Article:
Tag Archives: oregon state university

Nutrition Leader Honored as Health and wellness Champion

A red plate set at the supper table is a time honored tradition among American families to recognize someone who deserved special praise.

4 years ago, OSU’s Moore Family Center for Whole Grain Foods, Nutrition and Preventative Health amplified that tradition to start the Moore Family Center Founder’s Red Plate Award. An award designed to recognize professionals who work to help individuals and communities live healthier through good nutrition.

This year’s Red Plate Award was given to Anne Goetze RDN, LD, FAND, OSU alumni and Sr. Director of Nutrition Affairs for the Oregon Dairy and Nutrition Council (ODNC). But she humbly deflects the praise. “I have worked for dairy farm families for many years and am grateful for their commitment to healthy communities. They tend their land, animals and natural resources just as they tend their families, with love and an eye for the future.”

Anne has been committed to Oregon dairy farmers through ODNC for 28 years, educating the public about nutrition and healthy lifestyles. “We absolutely believe dairy products are an irreplaceable part of a healthy diet,” Anne says, “and we’re working to educate Oregonians about how they’re part of a sustainable food system.”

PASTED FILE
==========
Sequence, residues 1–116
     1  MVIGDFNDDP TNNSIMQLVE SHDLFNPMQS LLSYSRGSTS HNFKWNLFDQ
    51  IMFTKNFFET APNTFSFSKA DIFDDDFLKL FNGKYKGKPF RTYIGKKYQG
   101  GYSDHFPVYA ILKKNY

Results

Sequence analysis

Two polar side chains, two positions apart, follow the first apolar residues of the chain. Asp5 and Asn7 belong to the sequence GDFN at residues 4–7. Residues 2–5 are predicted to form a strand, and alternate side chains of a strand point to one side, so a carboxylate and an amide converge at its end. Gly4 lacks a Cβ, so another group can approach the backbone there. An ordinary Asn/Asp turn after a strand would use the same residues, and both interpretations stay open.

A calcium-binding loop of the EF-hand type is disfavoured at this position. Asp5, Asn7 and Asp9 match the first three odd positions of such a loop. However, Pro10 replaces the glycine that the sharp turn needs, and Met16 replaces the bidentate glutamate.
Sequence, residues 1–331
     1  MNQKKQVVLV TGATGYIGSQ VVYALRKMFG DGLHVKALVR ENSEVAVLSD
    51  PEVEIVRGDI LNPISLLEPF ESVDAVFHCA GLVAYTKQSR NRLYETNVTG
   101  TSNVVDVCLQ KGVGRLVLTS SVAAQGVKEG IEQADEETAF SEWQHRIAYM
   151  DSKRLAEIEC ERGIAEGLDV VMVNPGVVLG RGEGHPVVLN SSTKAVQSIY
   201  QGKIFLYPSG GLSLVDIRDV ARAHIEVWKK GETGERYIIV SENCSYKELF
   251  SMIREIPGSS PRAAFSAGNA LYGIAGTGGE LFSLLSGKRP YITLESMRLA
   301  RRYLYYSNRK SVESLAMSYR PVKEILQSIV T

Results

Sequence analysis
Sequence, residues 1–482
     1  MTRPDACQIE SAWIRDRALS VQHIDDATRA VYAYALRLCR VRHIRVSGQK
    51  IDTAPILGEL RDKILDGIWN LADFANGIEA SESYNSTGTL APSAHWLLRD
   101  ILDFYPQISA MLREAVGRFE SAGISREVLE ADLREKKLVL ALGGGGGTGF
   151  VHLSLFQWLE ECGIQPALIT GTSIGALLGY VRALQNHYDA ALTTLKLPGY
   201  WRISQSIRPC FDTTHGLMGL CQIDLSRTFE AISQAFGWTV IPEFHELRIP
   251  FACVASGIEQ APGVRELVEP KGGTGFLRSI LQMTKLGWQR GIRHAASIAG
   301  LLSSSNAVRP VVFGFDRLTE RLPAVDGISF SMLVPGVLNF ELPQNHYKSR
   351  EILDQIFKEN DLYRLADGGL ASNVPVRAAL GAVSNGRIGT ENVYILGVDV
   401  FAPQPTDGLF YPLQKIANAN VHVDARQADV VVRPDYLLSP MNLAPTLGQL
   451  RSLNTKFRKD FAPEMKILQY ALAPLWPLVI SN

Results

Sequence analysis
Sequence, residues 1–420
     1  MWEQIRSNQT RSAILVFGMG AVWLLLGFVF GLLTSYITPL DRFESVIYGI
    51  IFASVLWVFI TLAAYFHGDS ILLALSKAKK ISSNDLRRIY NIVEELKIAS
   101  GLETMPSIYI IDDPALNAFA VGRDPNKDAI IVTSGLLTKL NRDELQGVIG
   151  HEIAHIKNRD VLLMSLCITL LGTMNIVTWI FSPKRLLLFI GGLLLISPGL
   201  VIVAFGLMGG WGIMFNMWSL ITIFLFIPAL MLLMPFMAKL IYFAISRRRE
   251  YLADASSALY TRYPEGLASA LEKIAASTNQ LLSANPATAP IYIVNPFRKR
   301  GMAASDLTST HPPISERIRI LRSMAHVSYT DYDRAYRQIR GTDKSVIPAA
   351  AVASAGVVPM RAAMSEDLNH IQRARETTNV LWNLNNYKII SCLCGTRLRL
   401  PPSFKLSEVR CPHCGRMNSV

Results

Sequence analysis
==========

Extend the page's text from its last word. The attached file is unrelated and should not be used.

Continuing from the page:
Anne’s work through ODNC influences the nutrition field through farm to table messaging. “It’s the choices people make that impact whether or not we’re going to have farms [in the future].”

An article written by Hanna Knowles, OSU’s assistant Director of Marketing and Communications, says, “Anne’s influence within the nutrition field is wide-ranging. She strives to be a relevant and strategic resource for dairy processors by helping them interpret consumer research, apply new nutrition policies and develop product innovations. She provides current and future dietitians with continuing education and is a conduit for health and nutrition education in Oregon.”

“I learned from the very best, from birth to today,” says Anne, “and I am very grateful to work for Oregon’s dairy farmers.”

It was a unanimous decision to honor Anne with the Red Plate award. Endowed Director of the Moore Family Center, Emily Ho said, “Anne leads with heart, dedication and infectious enthusiasm, which has activated countless others to join the cause of improved health in Oregon.”

Throwing for Tokyo, Driven By Dairy

With the close of the Rio Olympics, the summer games will be out of sight and out of mind for most until the Olympic flame reignites in Japan in 2020. There are some though, whose competitive spirit still burns bright. Melissa Ausman, a national-caliber discus thrower and senior at Concordia University in Oregon, is one such athlete with her sights set on the Tokyo Olympics.melissa-ausman-headshot

It’s a long way to Tokyo from the dairy farm in Nyssa, Oregon, where Melissa grew up – 5,135 miles to be exact. And that dairy farm is where it all began, starting with her relentless work ethic and mental fortitude. Just ask her father, Frank.